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Jan Brewer Criticizes Obama Administration In Reacting To Slain Border Patrol Agent Nicholas Ivie

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JAN BREWER OBAMA NICHOLAS IVIE
AP

Arizona Gov. Jan Brewer (R) went beyond condolences in reacting to the death of Border Patrol Agent Nicholas Ivie and criticized the administration of President Barack Obama Tuesday.

"Arizonans and Americans will grieve, and they should," said Brewer in a statement. "But this ought not only be a day of tears. There should be anger, too. Righteous anger -- at the kind of evil that causes sorrow this deep, and at the federal failure and political stalemate that has left our border unsecured and our Border Patrol in harm’s way. Four fallen agents in less than two years is the result."

She closed, "It has been 558 days since the Obama administration declared the security of the U.S.-Mexico border ‘better now than it has ever been.’ I’ll remember that statement today."

Elected officials such as Attorney General Tom Horne and Sen. John McCain (R-Ariz.) simply offered their condolences.

Rep. Raul Grijalva, (D-Ariz.), encouraged "everyone to refrain from exploiting today’s tragedy for their own purposes," in a statement.

Early Tuesday, Ivie was killed in a gunfight in Southeastern Arizona, in a remote area known to be a drug-smuggling corridor.

McCain, speaking on a local radio show, said he was "sorry if there is politicization." But added, "I can tell you that our former governor [now DHS Secretary Janet Napolitano] politicizes it by blaming Republicans all the time for a variety of things."

Brewer's office did not immediately return a message for further comment.

Here's her statement, in full:

"Arizona has lost another Border Patrol agent.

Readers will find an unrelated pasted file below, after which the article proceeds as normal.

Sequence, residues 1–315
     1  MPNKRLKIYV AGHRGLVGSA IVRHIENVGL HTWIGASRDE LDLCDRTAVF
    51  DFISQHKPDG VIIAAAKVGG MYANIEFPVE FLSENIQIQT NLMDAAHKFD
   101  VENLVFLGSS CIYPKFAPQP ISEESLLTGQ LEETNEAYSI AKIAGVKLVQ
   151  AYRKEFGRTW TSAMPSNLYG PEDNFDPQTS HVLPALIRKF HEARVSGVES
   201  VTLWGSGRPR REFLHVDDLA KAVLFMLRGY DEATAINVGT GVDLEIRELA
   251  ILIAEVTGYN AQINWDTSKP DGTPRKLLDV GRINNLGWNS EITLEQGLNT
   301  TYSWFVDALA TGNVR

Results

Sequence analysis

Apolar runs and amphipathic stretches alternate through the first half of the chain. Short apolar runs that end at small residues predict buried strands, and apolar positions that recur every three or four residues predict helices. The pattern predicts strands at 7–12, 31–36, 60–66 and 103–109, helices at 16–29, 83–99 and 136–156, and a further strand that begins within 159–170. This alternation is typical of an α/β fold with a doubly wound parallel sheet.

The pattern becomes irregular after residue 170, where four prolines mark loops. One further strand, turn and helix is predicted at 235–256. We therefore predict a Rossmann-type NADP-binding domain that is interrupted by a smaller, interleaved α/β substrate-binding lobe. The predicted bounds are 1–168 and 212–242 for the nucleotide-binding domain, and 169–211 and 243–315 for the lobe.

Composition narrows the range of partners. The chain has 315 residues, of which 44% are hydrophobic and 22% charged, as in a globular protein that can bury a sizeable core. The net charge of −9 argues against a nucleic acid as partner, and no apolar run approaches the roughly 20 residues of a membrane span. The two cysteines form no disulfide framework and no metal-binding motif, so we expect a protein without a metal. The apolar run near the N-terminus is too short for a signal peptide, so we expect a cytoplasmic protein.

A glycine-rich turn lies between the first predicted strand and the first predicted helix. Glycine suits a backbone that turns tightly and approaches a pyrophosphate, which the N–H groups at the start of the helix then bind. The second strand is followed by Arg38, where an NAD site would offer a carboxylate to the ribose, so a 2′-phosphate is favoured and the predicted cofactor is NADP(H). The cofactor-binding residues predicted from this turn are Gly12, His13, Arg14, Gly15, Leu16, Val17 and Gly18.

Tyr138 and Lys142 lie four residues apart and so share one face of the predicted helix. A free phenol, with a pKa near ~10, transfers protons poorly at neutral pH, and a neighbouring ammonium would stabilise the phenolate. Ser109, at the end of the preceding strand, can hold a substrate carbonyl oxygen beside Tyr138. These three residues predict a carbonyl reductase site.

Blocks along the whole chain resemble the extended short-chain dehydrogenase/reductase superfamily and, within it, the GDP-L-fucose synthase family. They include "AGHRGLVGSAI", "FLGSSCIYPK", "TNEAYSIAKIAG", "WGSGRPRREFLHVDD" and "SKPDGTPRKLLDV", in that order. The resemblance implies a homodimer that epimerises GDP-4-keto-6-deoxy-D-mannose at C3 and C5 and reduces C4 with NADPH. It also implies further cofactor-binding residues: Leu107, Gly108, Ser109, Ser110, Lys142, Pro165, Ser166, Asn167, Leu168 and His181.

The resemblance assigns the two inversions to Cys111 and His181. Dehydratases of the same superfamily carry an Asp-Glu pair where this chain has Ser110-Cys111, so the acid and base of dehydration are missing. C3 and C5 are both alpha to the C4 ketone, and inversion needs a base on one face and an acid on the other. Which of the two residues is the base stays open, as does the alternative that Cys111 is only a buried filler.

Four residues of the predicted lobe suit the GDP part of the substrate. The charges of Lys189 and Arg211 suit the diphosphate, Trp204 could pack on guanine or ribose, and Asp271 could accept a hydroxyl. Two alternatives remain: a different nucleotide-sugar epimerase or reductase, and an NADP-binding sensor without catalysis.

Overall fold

"In the dark hours before daybreak, one agent was killed and another injured while on-duty along Arizona’s southern border. It is believed they were responding to an alerted ground sensor in a remote area near Bisbee, a short distance north of the border. In a tragic coincidence, these agents were assigned to Brian Terry Station – newly-dedicated and named for a U.S. Border Patrol agent murdered under similar circumstances in Arizona less than two years ago.

"More recently, in May 2011, we lost two more agents -- Eduardo Rojas, Jr. and Hector Clark -- when they were killed in a vehicle accident while pursuing suspected drug smugglers near Gila Bend.

"What happens next has become all-too-familiar in Arizona. Flags will be lowered in honor of the slain agent. Elected officials will vow to find those responsible. Arizonans and Americans will grieve, and they should. But this ought not only be a day of tears. There should be anger, too. Righteous anger -- at the kind of evil that causes sorrow this deep, and at the federal failure and political stalemate that has left our border unsecured and our Border Patrol in harm’s way. Four fallen agents in less than two years is the result.

"It has been 558 days since the Obama administration declared the security of the U.S.-Mexico border ‘better now than it has ever been.’ I’ll remember that statement today.”

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